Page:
Good Design. Can it Last?

Funny thing about design: When it comes to cars, planes, computers, gadgets and clock radios I like things that have almost no detailing at all.

When it comes to bicycles, motorcycles, mountaineering gear (not that I’ve ever climbed a mountain), I like the detailing the most. They must bristle with exotic machined anodized expensive hardware.

Each philosophy has its distinct place.

I was reminded of a documentary about life on a submarine; a psychologist was explaining how, unlike an airliner where all of the technology is deliberately hidden behind plastic panels, earthy colors and subtle lighting to soothe the passengers, in a submarine all of the real hardware is laid bare. The arrows and labels and bright colors are all designed to make the crew member aware of the technology, and to be able to see when things are breaking down, and to handle with caution.

On some caveman-like level, we crave comfort and simplicity whenever we are helpless passengers. When we’re active participants — especially when danger is involved — it’s the other way around.

Right now though, in the general scheme of things, there’s a blurring going on in that design thinking. Take cars for a moment: with manufacturing techniques so well perfected, it was possible to really tighten up the gaps, crisp the edges, mix the materials — the result being more upscale classy cars; Cars, where the form — and the quality of the detailing, defined the identity of the different brands.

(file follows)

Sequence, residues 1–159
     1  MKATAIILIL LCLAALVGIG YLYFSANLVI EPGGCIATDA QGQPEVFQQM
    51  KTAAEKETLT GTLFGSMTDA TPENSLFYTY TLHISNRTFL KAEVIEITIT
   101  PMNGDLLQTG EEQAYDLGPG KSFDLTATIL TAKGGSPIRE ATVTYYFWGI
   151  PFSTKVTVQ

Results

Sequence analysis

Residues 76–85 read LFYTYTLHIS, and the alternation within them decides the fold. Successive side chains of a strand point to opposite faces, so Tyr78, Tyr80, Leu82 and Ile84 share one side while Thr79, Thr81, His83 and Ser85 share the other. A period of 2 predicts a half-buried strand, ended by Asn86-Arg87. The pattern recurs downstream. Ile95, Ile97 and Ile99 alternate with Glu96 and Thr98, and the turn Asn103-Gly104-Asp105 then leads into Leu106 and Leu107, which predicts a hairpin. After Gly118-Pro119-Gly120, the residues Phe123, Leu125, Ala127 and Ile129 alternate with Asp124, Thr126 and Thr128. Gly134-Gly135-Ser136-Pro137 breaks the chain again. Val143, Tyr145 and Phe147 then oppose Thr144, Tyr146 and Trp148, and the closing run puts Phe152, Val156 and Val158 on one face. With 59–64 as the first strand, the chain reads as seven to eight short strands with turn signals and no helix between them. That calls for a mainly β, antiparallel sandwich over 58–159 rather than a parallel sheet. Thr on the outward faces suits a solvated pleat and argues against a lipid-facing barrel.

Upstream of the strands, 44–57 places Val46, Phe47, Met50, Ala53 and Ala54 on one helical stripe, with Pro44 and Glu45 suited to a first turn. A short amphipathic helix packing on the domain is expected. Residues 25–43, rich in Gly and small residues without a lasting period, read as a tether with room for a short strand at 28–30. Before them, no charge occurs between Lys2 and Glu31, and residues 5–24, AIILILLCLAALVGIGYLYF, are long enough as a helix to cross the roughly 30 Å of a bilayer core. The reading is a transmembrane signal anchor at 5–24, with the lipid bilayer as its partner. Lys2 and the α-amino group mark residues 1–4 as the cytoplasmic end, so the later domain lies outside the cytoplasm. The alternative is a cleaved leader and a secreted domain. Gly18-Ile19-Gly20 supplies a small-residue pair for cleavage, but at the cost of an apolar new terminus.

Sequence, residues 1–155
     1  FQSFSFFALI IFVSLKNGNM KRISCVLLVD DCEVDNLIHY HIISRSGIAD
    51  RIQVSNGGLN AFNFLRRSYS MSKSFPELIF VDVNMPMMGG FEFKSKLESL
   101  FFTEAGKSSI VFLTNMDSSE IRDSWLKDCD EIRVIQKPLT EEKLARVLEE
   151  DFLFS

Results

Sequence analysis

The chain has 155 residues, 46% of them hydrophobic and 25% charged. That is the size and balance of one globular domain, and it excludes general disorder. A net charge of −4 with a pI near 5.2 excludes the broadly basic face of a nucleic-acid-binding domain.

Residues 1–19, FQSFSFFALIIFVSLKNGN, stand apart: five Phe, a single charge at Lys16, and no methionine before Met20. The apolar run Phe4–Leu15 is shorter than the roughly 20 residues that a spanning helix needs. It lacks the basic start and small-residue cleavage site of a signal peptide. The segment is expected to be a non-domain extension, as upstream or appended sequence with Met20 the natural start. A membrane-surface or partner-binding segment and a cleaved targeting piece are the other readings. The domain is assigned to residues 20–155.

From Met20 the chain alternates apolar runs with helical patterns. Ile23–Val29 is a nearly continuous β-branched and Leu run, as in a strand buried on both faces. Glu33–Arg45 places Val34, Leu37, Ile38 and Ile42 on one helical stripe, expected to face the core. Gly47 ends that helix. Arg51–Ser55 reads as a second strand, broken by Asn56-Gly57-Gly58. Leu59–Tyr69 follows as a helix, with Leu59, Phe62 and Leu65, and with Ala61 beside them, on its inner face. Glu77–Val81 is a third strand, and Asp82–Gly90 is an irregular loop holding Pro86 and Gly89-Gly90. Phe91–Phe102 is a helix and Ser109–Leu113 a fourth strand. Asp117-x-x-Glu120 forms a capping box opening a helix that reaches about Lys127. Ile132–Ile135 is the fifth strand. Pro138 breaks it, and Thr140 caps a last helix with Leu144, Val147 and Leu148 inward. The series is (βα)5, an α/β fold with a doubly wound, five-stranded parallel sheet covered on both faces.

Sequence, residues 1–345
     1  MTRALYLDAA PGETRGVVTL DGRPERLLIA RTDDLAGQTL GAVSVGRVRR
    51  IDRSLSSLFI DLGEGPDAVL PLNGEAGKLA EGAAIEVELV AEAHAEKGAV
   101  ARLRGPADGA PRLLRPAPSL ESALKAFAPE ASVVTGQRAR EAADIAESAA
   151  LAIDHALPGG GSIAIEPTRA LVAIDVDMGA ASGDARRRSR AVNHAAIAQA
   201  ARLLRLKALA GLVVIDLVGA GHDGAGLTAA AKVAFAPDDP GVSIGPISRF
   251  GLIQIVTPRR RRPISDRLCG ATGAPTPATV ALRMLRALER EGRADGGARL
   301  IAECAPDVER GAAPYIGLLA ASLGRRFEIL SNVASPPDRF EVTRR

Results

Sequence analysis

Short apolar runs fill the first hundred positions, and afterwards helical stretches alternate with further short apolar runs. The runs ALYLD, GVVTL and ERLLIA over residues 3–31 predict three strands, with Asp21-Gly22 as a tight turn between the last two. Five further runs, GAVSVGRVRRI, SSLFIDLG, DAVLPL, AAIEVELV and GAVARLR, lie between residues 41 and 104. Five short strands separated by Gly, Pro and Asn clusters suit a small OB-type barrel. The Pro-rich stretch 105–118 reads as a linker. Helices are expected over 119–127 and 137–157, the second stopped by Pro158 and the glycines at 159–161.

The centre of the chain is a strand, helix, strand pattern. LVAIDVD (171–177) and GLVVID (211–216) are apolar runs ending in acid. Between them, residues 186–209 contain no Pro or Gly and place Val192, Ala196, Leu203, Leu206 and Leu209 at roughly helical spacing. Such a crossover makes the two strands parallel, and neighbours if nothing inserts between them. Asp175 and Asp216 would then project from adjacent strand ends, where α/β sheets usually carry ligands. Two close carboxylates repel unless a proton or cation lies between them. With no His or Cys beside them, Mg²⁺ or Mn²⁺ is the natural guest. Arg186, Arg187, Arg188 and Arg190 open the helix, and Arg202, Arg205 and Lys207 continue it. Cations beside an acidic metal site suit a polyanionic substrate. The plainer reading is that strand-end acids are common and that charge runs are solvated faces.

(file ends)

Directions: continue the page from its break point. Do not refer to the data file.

Then almost overnight, all that went out the window. It wasn’t the quality of the detailing, but the sheer amount of the detailing that mattered. Subtle was replaced by gnarly. The car as a submarine, but without the rationalization. As to the form: elegant was replaced by funky. Form followed funk instead of function.

Take BMW as an example. In a nutshell, they were generally handsome, and looked expensive. Put a Hyundai badge on one and people would laugh. Today BMWs are just plain stupid looking, and if you put a Hyundai badge on one, people would say: “Oh, the new Hyundai…”

Home stereo systems now look like Japanese cartoon robots from the ’60s; they shout at you even when they’re turned off.

Brand name computers now look like home made kits, with miss-matched panels and fuzzy blue lights…

On a personal level, I cringe at what’s going on. If I won the big lottery and could go out and buy any car at all, I’d walk past the new cars and choose a used model about two generations old. But that’s just me.

The rest of the world seems to love this new “Stupidness,” also known as “Lifestyle” design. The new BMWs sell like hotcakes; the Audi Q7 is a massive hit…

Which brings us to Apple, and why I’m nervous. Every brand has their heyday, or, sweet spot in time. Getting back to the cars it was 2000 to 2005 for Audi. At the time I was thinking: “I hope no-one poaches their chief designer, or all this could go out the window…” Then someone did, and now we have the Q7.

Apple is now in the middle of its heyday. Analysts recently put some enormous “billions of dollars” value on the contribution of Steve Jobs to Apple’s worth. I think Jonathan Ive, the man who defines the design, is right up there; Give him whatever it take to make him happy. Let him and Steve force their good taste on the buying public. They know what’s best for us. Don’t follow the crowd’s Stupidness fixation; what would they know?

I think the crunch will come with the new iMac. Will I say, “Yes!” Or will I say, “No, no, No!”

Apple is not the submarine — it’s the airliner. Have a smooth flight.

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